Post-classical history


Beaufort, or Belfort (mod. Qal‘at al-Shaqif Arnun, Lebanon) is a castle in the mountains of northern Palestine. It occupies the eastern edge of a rocky plateau overlooking the valley of theLitani. The castle was captured by Fulk of Anjou, king of Jerusalem, in 1139 and added to the royal domain. By 1158, however, it formed part of the lordship of Sidon and was the seat of a burgess and justice court. After the battle of Hattin (1187), it endured a year’s siege by Saladin’s forces before surrendering in 1190. It was ceded once more to the Franks in 1240 and returned to Julian, lord of Sidon. In 1260, however, following the sack of Sidon by the Mongols, Julian was forced to sell (or lease) his entire lordship to the Templars. Beaufort fell to the Mamlûk sultan Baybars I in 1268.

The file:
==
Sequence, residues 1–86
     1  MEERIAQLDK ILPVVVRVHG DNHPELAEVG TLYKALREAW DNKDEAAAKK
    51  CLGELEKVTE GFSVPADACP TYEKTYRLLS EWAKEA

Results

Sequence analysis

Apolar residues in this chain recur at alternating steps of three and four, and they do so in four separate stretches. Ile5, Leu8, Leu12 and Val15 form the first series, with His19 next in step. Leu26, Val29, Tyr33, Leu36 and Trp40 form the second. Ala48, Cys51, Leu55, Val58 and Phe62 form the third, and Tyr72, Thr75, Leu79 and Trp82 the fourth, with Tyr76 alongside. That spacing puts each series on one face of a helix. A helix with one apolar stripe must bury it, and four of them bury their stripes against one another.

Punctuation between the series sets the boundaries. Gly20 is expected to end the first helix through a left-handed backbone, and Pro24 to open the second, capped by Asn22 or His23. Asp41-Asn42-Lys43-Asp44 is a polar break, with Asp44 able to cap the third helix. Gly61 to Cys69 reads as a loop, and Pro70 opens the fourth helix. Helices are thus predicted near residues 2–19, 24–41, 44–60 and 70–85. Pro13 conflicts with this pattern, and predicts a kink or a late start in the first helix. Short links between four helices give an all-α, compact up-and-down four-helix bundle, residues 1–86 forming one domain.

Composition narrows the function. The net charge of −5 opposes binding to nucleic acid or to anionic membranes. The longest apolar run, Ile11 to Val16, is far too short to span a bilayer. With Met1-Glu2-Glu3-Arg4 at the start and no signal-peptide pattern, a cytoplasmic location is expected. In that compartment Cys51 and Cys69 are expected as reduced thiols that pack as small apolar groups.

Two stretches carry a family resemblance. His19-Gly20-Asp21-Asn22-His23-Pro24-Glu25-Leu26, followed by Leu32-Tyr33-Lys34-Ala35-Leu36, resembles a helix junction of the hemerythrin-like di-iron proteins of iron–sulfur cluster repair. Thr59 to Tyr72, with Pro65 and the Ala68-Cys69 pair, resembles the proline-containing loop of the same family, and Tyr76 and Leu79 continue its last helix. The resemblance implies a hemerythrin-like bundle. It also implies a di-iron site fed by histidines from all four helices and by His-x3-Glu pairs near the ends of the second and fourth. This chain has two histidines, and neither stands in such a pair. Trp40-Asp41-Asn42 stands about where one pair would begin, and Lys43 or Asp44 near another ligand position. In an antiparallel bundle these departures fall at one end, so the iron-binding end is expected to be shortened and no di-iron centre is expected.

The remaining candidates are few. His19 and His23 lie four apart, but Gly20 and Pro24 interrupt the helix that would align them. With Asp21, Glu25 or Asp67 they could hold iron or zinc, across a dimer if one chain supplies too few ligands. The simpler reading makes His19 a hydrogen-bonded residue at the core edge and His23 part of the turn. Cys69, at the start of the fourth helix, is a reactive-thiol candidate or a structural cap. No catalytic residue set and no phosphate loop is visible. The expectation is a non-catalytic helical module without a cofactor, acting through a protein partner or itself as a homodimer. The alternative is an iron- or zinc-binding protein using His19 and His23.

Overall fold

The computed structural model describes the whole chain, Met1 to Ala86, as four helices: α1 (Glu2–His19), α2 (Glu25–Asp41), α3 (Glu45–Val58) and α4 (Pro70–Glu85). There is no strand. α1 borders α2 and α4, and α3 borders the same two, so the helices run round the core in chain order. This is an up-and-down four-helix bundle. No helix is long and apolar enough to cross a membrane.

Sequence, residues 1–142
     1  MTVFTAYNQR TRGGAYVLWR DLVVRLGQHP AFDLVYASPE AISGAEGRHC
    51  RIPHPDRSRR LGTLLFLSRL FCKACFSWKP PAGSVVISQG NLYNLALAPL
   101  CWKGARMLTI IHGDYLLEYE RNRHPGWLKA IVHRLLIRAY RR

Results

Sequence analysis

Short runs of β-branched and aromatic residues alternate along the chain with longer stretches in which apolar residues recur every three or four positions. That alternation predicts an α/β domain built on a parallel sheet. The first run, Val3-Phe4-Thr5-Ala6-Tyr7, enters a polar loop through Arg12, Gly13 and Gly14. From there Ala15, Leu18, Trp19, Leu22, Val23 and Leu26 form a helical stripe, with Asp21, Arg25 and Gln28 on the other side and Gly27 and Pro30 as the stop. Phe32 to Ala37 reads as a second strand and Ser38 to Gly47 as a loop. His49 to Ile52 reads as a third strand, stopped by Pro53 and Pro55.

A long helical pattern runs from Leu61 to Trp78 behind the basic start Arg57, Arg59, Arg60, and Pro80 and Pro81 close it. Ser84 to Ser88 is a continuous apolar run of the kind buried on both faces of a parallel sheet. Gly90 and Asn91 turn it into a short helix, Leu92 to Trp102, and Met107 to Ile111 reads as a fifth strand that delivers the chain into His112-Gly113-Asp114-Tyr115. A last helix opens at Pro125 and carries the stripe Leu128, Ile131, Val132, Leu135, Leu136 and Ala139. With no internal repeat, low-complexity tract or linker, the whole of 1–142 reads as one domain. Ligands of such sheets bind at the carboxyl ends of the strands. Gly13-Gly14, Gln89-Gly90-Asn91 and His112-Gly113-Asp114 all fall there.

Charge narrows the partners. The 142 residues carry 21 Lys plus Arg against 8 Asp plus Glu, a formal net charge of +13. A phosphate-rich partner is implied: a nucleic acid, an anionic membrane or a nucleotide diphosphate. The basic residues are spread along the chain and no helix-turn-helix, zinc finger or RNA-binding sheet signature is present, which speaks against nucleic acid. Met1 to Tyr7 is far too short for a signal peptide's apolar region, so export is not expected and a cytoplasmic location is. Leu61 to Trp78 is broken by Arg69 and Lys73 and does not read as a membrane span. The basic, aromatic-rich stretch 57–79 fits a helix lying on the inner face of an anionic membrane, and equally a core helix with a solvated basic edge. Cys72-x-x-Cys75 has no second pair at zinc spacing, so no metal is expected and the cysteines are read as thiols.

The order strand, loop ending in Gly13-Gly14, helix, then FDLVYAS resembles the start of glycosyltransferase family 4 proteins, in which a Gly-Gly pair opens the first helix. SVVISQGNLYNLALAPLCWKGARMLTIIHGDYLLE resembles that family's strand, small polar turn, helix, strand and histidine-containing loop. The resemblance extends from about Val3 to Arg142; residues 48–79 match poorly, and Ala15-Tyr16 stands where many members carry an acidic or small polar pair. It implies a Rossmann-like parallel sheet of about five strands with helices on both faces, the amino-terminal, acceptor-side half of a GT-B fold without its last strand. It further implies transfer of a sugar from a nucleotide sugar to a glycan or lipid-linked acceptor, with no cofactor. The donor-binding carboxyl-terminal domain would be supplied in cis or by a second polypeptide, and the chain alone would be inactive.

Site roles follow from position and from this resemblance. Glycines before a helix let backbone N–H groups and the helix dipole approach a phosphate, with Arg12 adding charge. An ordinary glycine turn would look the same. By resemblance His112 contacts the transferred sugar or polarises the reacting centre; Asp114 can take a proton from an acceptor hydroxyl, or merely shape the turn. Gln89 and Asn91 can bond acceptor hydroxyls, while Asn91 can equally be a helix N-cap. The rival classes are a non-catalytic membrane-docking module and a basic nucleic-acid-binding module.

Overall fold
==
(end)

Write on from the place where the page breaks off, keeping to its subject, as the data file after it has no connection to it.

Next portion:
The castle has a roughly triangular plan, measuring some 150 meters (492 ft.) north to south by up to 100 meters (328 ft.) east to west, with a rock-cut ditch on the south and west and a sheer 300-meter (984-ft.) cliff on the east. From the outer gate in the southeast, a path leads up by a zigzag route into the upper bailey, which contains the earliest Frankish feature, a square tower-keep, and the latest, a two-bay rib- vaulted hall dating from the 1260s. South of the castle lie the remains of a walled suburb.

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